My wife comes to the playing field after our home football games and she is the first person my kickers want to see, to give her a hug. No social engineering there.

avatar Bruce Smith March 22, 2010 at 9:41 pm

Ah the joys of writing the coach job description. Must be able to act like a “father figure”. Now should that be defined as more like Father Christmas or Rambo? Mmmm…..passing that Equal Opportunities act with that bit about age discrimination doesn’t help in the least!

avatar Katherine T March 23, 2010 at 9:27 am

Dr. Mitchell,

I second your idea of having a colloquium/further discussion on the topic of gender and gender roles. I think that would be a great, especially if Jeff Taylor would come. Great post, Jeff; I found your writing persuasive and incredibly thought provoking.

~kt

avatar Deanna March 23, 2010 at 12:02 pm

The discussion about work and boredom illuminates our societal aversion to work. I was talking recently with two older women, one of whom raised 12 children, about (ironically) the differences between boys and girls, and both commented that their children never complained about being bored because there was always a lot to do. I believe that there is still a lot to do, but our young people are unwilling to do it because it all takes work, and they are convinced that work is boring. For them, work serves to provide the money they need to buy the entertainment they want. Our young people are in a constant search for entertainment.

I recall a story told by John Seymour in one of his books. He was listening intently as an elderly woman described all the activities she had done daily on her farm. When she was finished, he commented that it must have been a lot of work. At which point, she looked at him and replied, no one ever told us it was a lot of work.

avatar Brandon March 23, 2010 at 1:15 pm

Deanna-

I agree with you that young people are over fixated on entertainment and have an aversion to work. As a young person myself (I just turned twenty two), I’ll say that I hardly blame them, given the intensely boring and stiffling nature of the “work” offered by modern society. Most of it involves pushing papers in a cubicle or working with technology in some form or another. Young people are constantly told how important “math and science” are (to the detriment of most other subjects) and how they need to “get a good job” which usually means one of three career routes: (business, engineering, or technology).

I am dealing with this pressure myself right now. I am a Philosophy major in college and am constantly ridiculed for getting a “worthless degree” and that I should of gone after a degree which will make me some money. However, I have no interest in the current careers paths offered.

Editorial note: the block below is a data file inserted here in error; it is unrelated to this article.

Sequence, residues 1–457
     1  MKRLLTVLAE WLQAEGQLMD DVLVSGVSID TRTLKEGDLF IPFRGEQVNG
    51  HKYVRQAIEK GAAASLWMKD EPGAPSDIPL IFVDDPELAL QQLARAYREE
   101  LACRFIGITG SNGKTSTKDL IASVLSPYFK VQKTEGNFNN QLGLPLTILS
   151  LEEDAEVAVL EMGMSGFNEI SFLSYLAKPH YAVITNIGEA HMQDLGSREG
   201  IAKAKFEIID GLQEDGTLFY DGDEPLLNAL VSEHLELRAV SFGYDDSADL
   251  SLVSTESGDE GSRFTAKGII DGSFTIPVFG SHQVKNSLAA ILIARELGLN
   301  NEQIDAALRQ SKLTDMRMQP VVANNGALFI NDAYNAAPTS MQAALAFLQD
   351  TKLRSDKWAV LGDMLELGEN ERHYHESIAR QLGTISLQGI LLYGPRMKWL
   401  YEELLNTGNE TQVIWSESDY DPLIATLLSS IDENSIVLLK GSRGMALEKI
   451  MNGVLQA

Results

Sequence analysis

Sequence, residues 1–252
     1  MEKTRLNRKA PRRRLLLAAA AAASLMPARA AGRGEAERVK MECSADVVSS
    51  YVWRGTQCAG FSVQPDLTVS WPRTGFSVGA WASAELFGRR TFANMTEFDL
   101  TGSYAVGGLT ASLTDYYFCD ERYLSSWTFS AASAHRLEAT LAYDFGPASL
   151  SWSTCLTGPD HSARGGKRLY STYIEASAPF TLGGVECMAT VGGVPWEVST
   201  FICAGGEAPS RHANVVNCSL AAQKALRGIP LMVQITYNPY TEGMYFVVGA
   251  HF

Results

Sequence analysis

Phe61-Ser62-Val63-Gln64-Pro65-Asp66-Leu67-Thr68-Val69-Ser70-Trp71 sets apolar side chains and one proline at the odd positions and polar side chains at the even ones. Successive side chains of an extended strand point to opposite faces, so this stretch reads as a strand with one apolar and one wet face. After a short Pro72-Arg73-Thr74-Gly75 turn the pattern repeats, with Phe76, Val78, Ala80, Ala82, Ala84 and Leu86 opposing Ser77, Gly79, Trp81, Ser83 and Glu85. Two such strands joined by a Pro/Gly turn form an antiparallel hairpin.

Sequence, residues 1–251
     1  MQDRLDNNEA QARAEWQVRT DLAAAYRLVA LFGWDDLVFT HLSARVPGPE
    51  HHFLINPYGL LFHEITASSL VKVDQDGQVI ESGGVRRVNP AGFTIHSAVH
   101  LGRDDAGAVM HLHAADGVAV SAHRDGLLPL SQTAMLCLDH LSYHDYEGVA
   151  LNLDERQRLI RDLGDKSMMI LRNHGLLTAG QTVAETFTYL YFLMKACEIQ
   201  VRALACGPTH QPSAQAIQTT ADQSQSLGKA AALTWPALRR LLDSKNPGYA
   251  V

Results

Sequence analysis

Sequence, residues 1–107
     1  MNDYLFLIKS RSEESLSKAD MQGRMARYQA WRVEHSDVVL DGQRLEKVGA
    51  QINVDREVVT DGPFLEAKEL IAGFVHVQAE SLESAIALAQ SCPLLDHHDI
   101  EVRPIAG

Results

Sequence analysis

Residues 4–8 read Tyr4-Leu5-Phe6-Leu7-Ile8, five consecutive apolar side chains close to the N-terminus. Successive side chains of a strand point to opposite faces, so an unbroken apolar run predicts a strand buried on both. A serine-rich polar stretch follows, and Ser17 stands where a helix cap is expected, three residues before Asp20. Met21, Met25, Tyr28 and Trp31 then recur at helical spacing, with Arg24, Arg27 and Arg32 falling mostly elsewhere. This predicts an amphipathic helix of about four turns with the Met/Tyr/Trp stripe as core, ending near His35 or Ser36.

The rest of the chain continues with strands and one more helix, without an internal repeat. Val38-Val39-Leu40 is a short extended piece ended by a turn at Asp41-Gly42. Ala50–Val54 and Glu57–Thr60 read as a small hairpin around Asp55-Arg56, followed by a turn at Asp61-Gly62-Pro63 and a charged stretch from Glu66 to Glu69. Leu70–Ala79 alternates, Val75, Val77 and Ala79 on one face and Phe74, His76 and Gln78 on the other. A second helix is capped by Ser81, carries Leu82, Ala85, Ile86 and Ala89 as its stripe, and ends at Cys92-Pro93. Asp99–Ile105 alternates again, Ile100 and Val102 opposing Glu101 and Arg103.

I believe there is an intrinsic need for meaning in the lives of human beings and today’s young people are no exception. The work scene today provides little in the way of spiritual fulfillment for anyone. It merely makes one feel like a cog in the ever turning wheels of production and consumption.

I would love nothing more than to be able to be a cowboy or a farmer and live a simple life, raising a family and doing good, hard, honest work on the land. Simple work that leads to purpose and meaning in the lives of individuals and families is the best. However, this is increasingly a non-option. And don’t get me wrong, I believe in intellectual pursuits as well, being an avid knowledge seeker myself. But the career choices given to us all in our corporate centered and hyper-technological world have deprived the human soul of a reason to work.

In short, modern day “work” has been stripped of humanity in the name of efficiency and “progress. No wonder many reject it as boring.

avatar Brandon March 23, 2010 at 1:23 pm

In addition, I forgot to mention that besides the consumerist nature of popular culture and entertainment, I think that young people seek entertainment as a rebellion (consious or subconsious) against the paths of drudgery offered to them.

There are other factors contributing here as well, such as massive feelings of entitlement among the young and a general lack of work ethic, but at the core is an essentially spiritual problem.

avatar pb March 23, 2010 at 5:46 pm

Brandon, I am a bit envious of you as you seem to have discovered some very important lessons at a much earlier age than me. I am waiting to see if the economic crisis precipitates a move towards localism where I live, but I don’t count on it.

avatar pb March 23, 2010 at 5:46 pm

*than I did.

avatar Sam M March 23, 2010 at 6:52 pm

“I agree with you that young people are over fixated on entertainment and have an aversion to work. As a young person myself (I just turned twenty two), I’ll say that I hardly blame them, given the intensely boring and stiffling nature of the “work” offered by modern society.”